Not a member?     Existing members login below:
Holidays Offer
 

Hard Times

BOOK I: 7. Mrs. Sparsit
MR. BOUNDERBY being a bachelor, an elderly lady presided over his establishment, in
consideration of a certain annual stipend. Mrs. Sparsit was this lady's name; and she
was a prominent figure in attendance on Mr. Bounderby's car, as it rolled along in
triumph with the Bully of humility inside.
For, Mrs. Sparsit had not only seen different days, but was highly connected. She had a
great aunt living in these very times called Lady Scadgers. Mr. Sparsit, deceased, of
whom she was the relict, had been by the mother's side what Mrs. Sparsit still called 'a
Powler.' Strangers of limited information and dull apprehension were sometimes
observed not to know what a Powler was, and even to appear uncertain whether it
might be a business, or a political party, or a profession of faith. The better class of
minds, however, did not need to be informed that the Powlers were an ancient stock,
who could trace themselves so exceedingly far back that it was not surprising if they
sometimes lost themselves - which they had rather frequently done, as respected
horse-flesh, blind-hookey, Hebrew monetary transactions, and the Insolvent Debtors'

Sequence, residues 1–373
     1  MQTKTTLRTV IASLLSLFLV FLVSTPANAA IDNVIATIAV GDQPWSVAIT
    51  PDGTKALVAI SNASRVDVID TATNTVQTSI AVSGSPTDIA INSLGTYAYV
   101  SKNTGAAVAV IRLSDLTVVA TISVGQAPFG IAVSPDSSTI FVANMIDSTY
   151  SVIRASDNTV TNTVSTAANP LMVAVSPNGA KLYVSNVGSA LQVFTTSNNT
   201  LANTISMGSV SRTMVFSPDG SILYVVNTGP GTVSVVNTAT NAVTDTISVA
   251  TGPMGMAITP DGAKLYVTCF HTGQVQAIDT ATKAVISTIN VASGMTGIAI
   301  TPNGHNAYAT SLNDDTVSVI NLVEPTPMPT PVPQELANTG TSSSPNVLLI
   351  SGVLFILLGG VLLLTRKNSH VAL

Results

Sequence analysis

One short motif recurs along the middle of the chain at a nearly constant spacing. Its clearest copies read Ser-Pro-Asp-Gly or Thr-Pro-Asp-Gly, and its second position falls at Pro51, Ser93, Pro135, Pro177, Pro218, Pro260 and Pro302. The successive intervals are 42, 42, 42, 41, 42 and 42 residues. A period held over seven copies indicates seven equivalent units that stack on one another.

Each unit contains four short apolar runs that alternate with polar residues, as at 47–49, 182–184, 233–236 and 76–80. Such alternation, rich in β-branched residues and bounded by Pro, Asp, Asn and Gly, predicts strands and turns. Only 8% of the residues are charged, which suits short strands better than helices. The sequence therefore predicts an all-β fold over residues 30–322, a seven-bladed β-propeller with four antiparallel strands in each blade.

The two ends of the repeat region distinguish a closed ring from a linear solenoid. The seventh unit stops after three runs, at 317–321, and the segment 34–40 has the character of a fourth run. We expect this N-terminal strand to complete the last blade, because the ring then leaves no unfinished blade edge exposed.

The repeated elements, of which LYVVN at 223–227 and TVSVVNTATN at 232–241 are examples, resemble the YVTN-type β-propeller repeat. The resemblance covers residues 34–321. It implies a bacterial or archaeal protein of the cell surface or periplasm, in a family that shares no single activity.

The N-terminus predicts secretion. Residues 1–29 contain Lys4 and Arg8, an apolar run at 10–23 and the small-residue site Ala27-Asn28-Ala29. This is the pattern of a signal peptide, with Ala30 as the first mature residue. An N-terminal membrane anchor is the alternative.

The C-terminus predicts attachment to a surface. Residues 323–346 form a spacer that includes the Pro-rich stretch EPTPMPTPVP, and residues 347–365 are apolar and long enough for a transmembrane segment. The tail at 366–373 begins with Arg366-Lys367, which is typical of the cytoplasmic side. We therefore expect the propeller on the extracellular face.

Court.
The late Mr. Sparsit, being by the mother's side a Powler, married this lady, being by the
father's side a Scadgers. Lady Scadgers (an immensely fat old woman, with an
inordinate appetite for butcher's meat, and a mysterious leg which had now refused to
get out of bed for fourteen years) contrived the marriage, at a period when Sparsit was
just of age, and chiefly noticeable for a slender body, weakly supported on two long slim
props, and surmounted by no head worth mentioning. He inherited a fair fortune from
his uncle, but owed it all before he came into it, and spent it twice over immediately
afterwards. Thus, when he died, at twenty-four (the scene of his decease, Calais, and
the cause, brandy), he did not leave his widow, from whom he had been separated
soon after the honeymoon, in affluent circumstances. That bereaved lady, fifteen years
older than he, fell presently at deadly feud with her only relative, Lady Scadgers; and,
partly to spite her ladyship, and partly to maintain herself, went out at a salary. And here
she was now, in her elderly days, with the Coriolanian style of nose and the dense black
eyebrows which had captivated Sparsit, making Mr. Bounderby's tea as he took his
breakfast.
If Bounderby had been a Conqueror, and Mrs. Sparsit a captive Princess whom he took
about as a feature in his state-processions, he could not have made a greater flourish
with her than he habitually did. Just as it belonged to his boastfulness to depreciate his
own extraction, so it belonged to it to exalt Mrs. Sparsit's. In the measure that he would
not allow his own youth to have been attended by a single favourable circumstance, he
brightened Mrs. Sparsit's juvenile career with every possible advantage, and showered
waggon-loads of early roses all over that lady's path. 'And yet, sir,' he would say, 'how
does it turn out after all? Why here she is at a hundred a year (I give her a hundred,
 
Remove